China: A realistic look at the demonstrations

Posted: November 29, 2022 by chrisharper in Uncategorized
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By Christopher Harper

As the news media focus on stories about Chinese demonstrations against COVID rules, few analysts are looking at the obstacles the protestors face.

President Xi Jinping has installed two of his closest allies as leaders of the Chinese police and security forces.

Wang Xiaohong’s appointment as public security minister in June marked a significant breakthrough for Xi in his consolidation of power.

Xi and Wang have known each other since the mid-1990s when the former rose through the ranks in southeast Fujian province, and Wang was a senior policeman in the provincial capital, Fuzhou.

As China’s most powerful ruler since Mao Zedong, Xi oversaw a sweeping overhaul of the People’s Liberation Army during his first term from 2012 to 2017 when I first visited the country. t the time, China had a robust economy and little dissent.

Xi, however, locked down the propaganda machine even more than his recent predecessors. The party’s most important propaganda organs routinely offer fawning coverage of his activities, such as triumphal recent tours of Hong Kong and Xinjiang, where the dislike for the party leadership is highest.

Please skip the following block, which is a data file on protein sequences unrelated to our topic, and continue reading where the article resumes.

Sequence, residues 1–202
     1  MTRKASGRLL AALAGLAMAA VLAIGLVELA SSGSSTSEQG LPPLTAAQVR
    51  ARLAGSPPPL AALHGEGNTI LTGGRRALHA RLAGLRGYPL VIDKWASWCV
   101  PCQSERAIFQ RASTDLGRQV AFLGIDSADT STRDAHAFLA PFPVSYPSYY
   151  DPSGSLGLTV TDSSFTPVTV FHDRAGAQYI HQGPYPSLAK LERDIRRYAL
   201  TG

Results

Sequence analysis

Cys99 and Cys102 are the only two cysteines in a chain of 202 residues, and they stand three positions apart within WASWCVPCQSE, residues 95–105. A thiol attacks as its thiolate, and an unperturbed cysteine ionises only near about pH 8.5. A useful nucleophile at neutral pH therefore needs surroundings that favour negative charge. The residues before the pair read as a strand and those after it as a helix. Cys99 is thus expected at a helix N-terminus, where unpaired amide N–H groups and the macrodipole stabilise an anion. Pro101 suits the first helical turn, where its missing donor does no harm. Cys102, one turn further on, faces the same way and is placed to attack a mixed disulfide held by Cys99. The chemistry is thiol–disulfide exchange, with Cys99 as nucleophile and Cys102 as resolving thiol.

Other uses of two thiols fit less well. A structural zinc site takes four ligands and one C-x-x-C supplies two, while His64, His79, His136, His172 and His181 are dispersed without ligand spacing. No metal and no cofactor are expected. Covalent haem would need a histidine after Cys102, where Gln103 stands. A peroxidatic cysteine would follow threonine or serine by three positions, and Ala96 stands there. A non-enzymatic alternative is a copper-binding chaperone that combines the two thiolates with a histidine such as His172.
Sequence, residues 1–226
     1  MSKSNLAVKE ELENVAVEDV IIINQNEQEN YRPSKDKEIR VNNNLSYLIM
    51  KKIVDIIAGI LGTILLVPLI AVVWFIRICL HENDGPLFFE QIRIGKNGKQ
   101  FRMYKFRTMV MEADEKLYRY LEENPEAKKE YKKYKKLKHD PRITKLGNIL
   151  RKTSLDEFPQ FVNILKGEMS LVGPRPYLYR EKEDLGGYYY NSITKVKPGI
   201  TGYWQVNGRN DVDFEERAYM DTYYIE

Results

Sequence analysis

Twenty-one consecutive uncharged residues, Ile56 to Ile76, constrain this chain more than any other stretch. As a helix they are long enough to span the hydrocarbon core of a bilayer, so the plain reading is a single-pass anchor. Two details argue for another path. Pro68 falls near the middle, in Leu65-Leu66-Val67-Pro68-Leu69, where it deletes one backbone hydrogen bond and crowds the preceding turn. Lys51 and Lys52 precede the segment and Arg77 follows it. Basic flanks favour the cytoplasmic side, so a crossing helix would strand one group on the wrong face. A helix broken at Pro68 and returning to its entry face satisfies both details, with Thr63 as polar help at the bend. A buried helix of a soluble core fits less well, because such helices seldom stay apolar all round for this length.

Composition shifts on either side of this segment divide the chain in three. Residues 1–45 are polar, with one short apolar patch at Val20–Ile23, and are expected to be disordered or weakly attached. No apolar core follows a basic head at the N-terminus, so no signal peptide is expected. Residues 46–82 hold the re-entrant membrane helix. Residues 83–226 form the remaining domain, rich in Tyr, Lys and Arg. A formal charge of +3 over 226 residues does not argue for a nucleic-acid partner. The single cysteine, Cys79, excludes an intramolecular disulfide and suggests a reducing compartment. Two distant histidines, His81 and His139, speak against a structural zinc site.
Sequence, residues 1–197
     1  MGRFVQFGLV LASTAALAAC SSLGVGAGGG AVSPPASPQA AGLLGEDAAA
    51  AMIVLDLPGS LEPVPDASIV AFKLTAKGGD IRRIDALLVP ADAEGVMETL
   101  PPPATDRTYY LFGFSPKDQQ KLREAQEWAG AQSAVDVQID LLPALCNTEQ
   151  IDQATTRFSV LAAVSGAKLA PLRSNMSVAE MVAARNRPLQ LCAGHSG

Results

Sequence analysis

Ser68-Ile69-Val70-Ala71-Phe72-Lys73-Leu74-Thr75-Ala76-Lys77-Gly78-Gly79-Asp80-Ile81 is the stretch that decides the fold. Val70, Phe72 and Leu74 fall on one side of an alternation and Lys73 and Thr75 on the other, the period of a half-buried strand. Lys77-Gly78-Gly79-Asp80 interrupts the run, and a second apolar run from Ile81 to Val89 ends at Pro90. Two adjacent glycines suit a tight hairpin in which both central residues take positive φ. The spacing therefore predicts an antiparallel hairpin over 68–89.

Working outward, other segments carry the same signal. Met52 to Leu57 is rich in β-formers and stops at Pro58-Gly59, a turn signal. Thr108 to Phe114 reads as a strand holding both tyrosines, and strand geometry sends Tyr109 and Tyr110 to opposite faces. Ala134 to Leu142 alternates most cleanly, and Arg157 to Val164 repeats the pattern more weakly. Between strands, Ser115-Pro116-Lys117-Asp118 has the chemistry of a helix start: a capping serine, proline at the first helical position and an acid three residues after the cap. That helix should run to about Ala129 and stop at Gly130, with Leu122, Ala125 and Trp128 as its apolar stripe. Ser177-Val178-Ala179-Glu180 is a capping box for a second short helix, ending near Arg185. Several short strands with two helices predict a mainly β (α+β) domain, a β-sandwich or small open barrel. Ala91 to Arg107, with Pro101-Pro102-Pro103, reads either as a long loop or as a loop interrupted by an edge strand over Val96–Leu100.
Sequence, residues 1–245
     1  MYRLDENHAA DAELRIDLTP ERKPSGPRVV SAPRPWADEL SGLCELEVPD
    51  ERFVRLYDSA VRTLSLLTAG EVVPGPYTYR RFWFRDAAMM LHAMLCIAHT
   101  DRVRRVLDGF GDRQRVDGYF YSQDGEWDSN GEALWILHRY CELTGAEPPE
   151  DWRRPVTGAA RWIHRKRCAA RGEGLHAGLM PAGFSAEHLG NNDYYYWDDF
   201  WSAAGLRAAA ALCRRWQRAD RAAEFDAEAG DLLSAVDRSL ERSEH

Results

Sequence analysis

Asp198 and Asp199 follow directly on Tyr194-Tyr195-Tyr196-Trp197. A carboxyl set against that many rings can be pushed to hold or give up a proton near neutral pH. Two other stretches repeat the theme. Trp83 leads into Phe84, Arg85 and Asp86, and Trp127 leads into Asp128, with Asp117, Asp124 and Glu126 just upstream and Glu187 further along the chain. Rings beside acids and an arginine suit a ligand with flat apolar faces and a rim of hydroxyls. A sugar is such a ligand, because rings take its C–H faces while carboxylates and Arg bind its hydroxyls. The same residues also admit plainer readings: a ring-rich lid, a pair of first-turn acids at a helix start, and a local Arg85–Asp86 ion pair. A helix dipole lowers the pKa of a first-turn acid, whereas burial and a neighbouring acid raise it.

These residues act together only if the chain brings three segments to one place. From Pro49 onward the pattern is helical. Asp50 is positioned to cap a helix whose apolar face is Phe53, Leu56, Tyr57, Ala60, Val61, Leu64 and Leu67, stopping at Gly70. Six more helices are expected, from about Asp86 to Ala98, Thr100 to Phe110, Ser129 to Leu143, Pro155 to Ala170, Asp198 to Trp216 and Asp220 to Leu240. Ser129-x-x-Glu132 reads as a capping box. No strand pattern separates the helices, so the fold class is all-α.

But the third traditional pillar of Chinese party power, the internal security apparatus, or the “knife,” has been a relative holdout, Peter Mattis, an expert on China’s security apparatus, told The Financial Times.

In the year before Wang’s appointment as China’s top cop, at least three current or former public security vice-ministers were purged for corruption. Two of them were accused of colluding with each other, criticizing “the party’s major policies” and having “hugely inflated political ambitions.” “This is why [Xi’s] rectification campaign against the political-legal apparatus is so important,” said Mattis. “The progression through these areas is how Mao seized power.”

Xi has also worked diligently to install allies at the party’s Central Political and Legal Affairs Commission, which oversees China’s police, state security, and courts. In a measure of its importance, the commission enjoys an official budget bigger than the military. Xi protégé Chen Yixin has been the CPLC’s general secretary and de facto head of operations since 2018.

Chen worked closely with Xi 20 years ago in Zhejiang province, where the future president served as governor and party secretary. Xi brought Chen to Beijing in 2015 and dispatched him to Hubei province, the center of the global coronavirus pandemic, to help stabilize the outbreak in 2020.

In a recent speech to internal security officials, Chen said: “Our party, country, and people are so lucky to have Xi Jinping as the core of the party, as the people’s leader and as commander-in-chief.

“He has the aura of leadership, outstanding intelligence, personal charisma, and the people are in his heart,” Chen added. “The more complicated the situation and the more arduous the task, the more we need Xi Jinping as our helmsman.”

While the media focus on et demonstrations, it’s essential to understand precisely the power of the Chinese state to put down any severe threats to the regime.

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